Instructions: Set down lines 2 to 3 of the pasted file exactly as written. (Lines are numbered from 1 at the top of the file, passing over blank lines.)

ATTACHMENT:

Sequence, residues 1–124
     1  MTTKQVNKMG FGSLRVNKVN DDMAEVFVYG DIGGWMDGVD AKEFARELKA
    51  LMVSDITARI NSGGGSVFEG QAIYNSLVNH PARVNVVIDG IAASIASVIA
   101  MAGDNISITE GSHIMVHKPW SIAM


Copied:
     1  MTTKQVNKMG FGSLRVNKVN DDMAEVFVYG DIGGWMDGVD AKEFARELKA
    51  LMVSDITARI NSGGGSVFEG QAIYNSLVNH PARVNVVIDG IAASIASVIA